The three Detroit sportsbooks collected $2.3 million in adjusted sports gambling revenue in November, a paltry number made only a little more comforting with the knowledge that the casinos have been closed since Nov. 18 due to the coronavirus pandemic.
The $2.3 million number is a far cry from the $7.6 million collected in October, which was a 72% increase from September’s $4.4 million. December’s numbers are sure to be even worse, with Dec. 20 the earliest the casinos will be allowed to reopen due to Gov. Gretchen Whitmer’s shutdown order being extended last week.
Total handle on the sportsbook side for November was $25,080,140. Qualified adjusted gross receipts for retail sports betting were MotorCity at $1,130,956, Greektown at $645,310, and MGM at $561,372. According to the Michigan Gaming Control Board — the government entity that releases the numbers — qualified adjusted gross receipts are “gross sports betting receipts minus the monetary value of free play incentives provided to and wagered by bettors.”
Through Nov. 30, qualified adjusted gross receipts for the year have MGM at $7.4 million, MotorCity at $5.4 million, and Greektown at $3.6 million.
As for table and slot games, the casinos generated $48.1 million in revenue. That number was off by 61.3% compared with November 2019, and down 48.7% percent compared with October’s numbers. In all, and through Nov. 30, table games and slots revenue were down 54.9% compared with January through November 2019 results.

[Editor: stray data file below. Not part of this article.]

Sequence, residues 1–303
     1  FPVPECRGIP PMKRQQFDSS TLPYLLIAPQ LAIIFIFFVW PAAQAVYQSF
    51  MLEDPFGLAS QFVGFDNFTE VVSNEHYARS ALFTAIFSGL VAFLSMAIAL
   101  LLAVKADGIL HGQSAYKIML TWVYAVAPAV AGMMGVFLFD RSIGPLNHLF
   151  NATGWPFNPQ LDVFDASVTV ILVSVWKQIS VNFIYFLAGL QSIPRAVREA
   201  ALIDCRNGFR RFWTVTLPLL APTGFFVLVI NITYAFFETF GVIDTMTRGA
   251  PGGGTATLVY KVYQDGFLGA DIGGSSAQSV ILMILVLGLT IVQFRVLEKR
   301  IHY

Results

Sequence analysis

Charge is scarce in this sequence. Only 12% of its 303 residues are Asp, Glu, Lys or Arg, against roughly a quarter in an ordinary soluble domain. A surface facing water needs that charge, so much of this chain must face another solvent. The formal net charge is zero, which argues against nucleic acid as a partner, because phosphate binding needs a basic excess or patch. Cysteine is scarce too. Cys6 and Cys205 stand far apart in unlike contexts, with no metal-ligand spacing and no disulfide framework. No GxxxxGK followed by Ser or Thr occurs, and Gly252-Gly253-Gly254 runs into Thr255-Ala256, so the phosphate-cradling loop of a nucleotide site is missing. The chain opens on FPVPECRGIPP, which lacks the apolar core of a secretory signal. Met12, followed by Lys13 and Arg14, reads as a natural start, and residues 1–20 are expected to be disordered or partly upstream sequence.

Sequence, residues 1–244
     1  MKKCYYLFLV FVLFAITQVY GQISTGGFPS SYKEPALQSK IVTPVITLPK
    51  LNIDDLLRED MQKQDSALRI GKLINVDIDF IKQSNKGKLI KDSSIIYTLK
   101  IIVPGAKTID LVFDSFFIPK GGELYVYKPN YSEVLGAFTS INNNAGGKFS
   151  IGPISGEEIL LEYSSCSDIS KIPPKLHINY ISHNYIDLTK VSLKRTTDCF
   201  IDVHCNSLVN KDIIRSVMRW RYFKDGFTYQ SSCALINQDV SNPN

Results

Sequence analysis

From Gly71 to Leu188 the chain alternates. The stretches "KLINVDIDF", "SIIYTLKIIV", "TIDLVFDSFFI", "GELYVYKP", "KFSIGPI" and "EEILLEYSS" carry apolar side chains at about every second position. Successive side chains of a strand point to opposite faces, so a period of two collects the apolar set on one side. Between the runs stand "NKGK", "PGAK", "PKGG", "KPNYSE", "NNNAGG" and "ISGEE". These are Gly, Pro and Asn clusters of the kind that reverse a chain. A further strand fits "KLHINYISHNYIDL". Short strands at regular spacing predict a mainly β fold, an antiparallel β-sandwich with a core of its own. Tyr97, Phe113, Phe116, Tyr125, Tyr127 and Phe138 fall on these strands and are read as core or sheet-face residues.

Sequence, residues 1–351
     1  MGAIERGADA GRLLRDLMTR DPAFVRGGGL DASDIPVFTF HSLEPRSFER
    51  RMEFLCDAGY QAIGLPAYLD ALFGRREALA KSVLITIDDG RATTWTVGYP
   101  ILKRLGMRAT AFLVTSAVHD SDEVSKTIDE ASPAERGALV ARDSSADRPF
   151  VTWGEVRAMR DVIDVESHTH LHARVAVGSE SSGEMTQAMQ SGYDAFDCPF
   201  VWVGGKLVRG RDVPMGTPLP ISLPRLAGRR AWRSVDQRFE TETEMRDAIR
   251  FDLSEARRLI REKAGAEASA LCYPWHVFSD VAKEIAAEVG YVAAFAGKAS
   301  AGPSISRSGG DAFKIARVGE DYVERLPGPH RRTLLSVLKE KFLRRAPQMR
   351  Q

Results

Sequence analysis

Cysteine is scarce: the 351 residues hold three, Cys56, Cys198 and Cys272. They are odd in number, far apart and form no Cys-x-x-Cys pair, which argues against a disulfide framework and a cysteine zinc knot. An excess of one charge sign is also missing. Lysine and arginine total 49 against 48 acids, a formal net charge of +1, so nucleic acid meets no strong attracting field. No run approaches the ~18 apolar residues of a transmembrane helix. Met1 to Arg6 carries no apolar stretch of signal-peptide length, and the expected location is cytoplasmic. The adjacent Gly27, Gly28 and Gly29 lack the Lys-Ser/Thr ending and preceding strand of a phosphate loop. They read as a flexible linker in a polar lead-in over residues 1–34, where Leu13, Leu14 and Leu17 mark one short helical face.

For the month of November, the trio of Detroit casinos paid $3.9 million in gaming taxes to Michigan, off $10.1 million year-over-year. The casinos also paid $5.7 million in wagering taxes and other payments to Detroit during the month. Additionally, the casinos paid $88,363 in state taxes and $107,999 in retail sports betting taxes to the city.
The November market shares based on total aggregate revenue were MGM at 42%, MotorCity at 37%, and Greektown at 21%.
Clearly, the coronavirus pandemic has wreaked havoc on the Detroit casinos, starting back on March 16 when they were first forced to close due to the COVID-19 pandemic. They reopened on Aug. 5 at 15% capacity under an emergency order by Whitmer. The governor’s emergency powers were curtailed by the Michigan Supreme Court, but the city of Detroit kept the capacity numbers the same.
Whitmer then ordered the casinos — as well as most indoor non-essential activities — closed as of Nov. 18.
In addition to the casinos reopening at some point, there is also more light at the end of the tunnel in the form of online casinos and sports betting, which have cleared all legislative hurdles and are on track to debut in the state by mid-January 2021 at the latest.